It wouldn't be so bad if anything much happened in the rest of the book. They spend the whole book just walking from place to place and then at the end things just fizzle out with a ridiculous climax. Camelot suddenly reveals something that you could only guess through one very explicit line from a minor character earlier. And then she goes home and although she ran away cause she was being treated badly she's welcomed with open arms and lives a good life. Until, of course, fucking horror movie killer turns up on her door. The ending deprives the rest of the book of any meaning it had. We had minor character development, but none of the characters were good enough to cause serious emotions. They just exist and die without having an impact on anything anywhere. The whole walk was pointless - although they may have escaped the pestilence, they just got killed anyway in about the same time scale. They never really know where they're going either, and there's no good reason several of them stay together.

The book really starts to fall apart when the magician guy says out loud that the wolf noise that's been following them is actually a human wolf. Like, not a real wolf at all. There's some attempt to suggest that the wolf is a werewolf but it doesn't really work. Everyone just assumes that this dude employed by a bishop to recover some stolen treasures is following them for months and making wolf noises. He's referred to as "the bishop's wolf" for the rest of the book. They appear to have no understanding of the difference between a metaphorical wolf and a real one. If he's a werewolf, what's he doing being hired by a bishop and how come he also apparently has dogs with him? Even after the magician that the bishop's wolf is supposed to be chasing dies and they leave his stolen stuff behind, all the remaining people except Camelot *still* believe he's chasing them! It makes no sense at all.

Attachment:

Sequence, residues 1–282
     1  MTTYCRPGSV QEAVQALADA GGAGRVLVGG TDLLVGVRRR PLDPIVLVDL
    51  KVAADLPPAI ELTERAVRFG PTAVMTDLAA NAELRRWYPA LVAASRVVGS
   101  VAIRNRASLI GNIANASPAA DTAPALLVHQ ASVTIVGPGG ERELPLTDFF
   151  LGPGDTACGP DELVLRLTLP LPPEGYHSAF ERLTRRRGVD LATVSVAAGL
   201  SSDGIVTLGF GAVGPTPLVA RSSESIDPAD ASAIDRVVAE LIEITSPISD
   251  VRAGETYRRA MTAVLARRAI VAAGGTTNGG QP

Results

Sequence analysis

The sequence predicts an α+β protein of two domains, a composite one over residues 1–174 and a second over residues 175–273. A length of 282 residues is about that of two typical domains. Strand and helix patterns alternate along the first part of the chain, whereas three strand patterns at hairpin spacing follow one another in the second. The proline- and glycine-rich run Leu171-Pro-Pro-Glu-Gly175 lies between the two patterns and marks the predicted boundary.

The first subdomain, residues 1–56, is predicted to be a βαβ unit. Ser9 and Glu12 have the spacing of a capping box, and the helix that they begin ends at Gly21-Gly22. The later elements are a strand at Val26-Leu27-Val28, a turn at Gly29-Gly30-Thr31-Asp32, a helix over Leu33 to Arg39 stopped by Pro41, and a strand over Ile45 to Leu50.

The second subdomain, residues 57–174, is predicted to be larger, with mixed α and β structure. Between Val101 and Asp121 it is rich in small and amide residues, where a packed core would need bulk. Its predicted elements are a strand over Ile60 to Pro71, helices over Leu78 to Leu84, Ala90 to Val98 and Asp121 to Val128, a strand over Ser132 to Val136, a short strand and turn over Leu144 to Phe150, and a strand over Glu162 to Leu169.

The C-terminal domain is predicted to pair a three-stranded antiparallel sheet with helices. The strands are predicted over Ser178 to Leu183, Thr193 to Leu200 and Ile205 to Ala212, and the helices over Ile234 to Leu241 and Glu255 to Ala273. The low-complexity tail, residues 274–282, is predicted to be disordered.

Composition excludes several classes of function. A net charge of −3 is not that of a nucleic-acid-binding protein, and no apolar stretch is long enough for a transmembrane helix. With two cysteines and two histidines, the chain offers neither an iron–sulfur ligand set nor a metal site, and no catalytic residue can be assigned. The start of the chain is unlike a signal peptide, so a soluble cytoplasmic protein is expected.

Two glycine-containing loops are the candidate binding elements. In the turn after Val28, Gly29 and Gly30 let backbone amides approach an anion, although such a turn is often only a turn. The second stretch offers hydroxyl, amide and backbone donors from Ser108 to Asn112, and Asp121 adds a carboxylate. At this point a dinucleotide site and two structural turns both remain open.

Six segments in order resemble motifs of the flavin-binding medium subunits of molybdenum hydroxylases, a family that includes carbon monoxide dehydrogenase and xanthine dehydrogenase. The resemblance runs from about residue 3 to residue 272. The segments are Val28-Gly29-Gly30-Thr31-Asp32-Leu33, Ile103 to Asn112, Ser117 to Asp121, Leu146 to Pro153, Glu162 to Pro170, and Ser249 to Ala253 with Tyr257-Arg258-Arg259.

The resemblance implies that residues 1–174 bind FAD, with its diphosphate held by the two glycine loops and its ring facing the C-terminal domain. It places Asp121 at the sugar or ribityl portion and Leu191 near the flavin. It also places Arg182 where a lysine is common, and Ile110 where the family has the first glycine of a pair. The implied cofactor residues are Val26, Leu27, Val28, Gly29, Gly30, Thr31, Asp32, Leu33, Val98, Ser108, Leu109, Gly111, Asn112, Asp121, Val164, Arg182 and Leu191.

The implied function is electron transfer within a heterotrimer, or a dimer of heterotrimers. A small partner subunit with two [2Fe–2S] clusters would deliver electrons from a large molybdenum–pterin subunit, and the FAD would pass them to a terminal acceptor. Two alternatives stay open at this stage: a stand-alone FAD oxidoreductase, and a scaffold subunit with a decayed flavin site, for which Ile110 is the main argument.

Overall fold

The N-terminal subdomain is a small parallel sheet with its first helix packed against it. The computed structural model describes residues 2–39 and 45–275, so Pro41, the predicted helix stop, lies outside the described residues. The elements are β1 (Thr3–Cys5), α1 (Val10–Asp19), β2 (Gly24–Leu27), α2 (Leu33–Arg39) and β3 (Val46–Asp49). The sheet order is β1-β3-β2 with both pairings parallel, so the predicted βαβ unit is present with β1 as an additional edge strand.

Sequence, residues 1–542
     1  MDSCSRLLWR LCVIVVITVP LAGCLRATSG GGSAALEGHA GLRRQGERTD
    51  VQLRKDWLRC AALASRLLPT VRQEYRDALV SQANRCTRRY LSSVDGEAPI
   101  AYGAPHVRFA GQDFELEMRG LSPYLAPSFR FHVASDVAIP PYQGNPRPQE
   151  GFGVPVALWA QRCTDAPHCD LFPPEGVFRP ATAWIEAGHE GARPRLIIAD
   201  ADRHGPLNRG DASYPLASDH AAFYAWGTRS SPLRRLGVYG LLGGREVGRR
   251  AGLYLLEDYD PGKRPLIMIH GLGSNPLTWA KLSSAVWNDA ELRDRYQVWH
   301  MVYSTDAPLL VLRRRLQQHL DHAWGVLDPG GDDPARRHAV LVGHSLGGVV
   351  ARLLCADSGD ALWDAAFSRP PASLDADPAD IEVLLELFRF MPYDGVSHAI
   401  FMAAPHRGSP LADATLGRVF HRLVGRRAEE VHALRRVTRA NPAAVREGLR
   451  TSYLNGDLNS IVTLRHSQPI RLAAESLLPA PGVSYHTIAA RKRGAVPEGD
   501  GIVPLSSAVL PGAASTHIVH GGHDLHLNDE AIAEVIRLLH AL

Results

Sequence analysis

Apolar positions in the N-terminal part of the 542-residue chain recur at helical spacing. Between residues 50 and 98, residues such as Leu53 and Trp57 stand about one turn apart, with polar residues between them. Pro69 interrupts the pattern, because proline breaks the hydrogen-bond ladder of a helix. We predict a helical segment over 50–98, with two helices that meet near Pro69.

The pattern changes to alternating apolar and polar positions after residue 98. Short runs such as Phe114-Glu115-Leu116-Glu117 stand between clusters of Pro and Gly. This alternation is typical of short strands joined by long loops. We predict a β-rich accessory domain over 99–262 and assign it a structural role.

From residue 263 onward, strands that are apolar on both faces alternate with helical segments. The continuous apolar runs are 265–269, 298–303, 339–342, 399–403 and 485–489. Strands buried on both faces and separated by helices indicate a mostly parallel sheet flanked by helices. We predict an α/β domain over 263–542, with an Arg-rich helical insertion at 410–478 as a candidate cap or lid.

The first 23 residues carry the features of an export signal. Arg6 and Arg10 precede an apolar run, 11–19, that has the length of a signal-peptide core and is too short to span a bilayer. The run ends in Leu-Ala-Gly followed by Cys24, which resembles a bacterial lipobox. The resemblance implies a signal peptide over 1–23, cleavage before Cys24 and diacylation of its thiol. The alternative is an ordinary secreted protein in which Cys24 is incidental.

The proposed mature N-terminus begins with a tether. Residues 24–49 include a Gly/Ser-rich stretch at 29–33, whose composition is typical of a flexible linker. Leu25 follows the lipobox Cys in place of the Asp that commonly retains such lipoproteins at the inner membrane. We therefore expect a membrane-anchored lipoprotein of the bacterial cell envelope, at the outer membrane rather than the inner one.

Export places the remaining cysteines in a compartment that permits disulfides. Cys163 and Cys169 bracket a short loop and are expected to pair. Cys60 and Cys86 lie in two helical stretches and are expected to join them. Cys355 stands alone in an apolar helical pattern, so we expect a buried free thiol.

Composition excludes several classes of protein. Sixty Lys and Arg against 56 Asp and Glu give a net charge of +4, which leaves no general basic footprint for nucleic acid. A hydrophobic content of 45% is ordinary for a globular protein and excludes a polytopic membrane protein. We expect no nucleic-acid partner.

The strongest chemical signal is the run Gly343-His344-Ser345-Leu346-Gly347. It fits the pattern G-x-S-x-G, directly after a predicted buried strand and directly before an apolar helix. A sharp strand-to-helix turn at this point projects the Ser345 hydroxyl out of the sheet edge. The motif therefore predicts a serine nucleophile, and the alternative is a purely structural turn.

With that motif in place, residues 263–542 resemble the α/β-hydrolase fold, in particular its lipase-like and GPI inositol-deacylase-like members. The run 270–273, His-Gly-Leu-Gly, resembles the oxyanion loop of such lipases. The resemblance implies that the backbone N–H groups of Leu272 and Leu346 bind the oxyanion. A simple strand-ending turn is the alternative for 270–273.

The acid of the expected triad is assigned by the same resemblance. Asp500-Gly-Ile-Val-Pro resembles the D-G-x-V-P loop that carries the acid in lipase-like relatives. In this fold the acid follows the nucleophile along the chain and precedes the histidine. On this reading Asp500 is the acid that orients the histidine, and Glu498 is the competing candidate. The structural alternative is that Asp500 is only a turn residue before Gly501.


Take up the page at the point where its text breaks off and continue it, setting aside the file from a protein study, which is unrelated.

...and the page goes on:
The magician has kept up public cruelty throughout the book. For some reason he's incredibly hateful to everyone (except the witch, as stated earlier, who's the one character he SHOULD be most hateful of - she's a woman, and he hates women, for a start). The only reason they're with him is to use his wagon. But when he's gone, it all gets replaced with the very clear to everyone but the characters malice of the witch, which is much more horrible because everyone refuses to acknowledge it. It makes the book very unpleasant. Afterwards another character kills himself but for no real good reason. There's absolutely 0 reason for him to do so. I cannot work out why. He believes another character murdered the magician guy partially for his benefit (because the magician was cruel to him) which makes him... kill himself?? Maybe it's because he's depressed - which is something noticeable - but that's not something that happens. It just feels again like an author's cruelty. She needs to get these people dead through any method. She deliberately avoids having any of the main characters contract the plague. Yet she then kills them off just as arbitrarily except she ostensibly has good reasons. Maybe she's making some profound point but it's executed really badly and I'd rather she did it in less than 576 pages if she wanted to. I don't like depressing books but I can deal if it's illustrating something real that's depressing and bad. Yet here everything that happens is pointless. The antagonist (of a sorts) has no motivation at all. People die when they could easily avoid it by not being idiots. Ultimately it's not illustrating any point except that the author is cruel.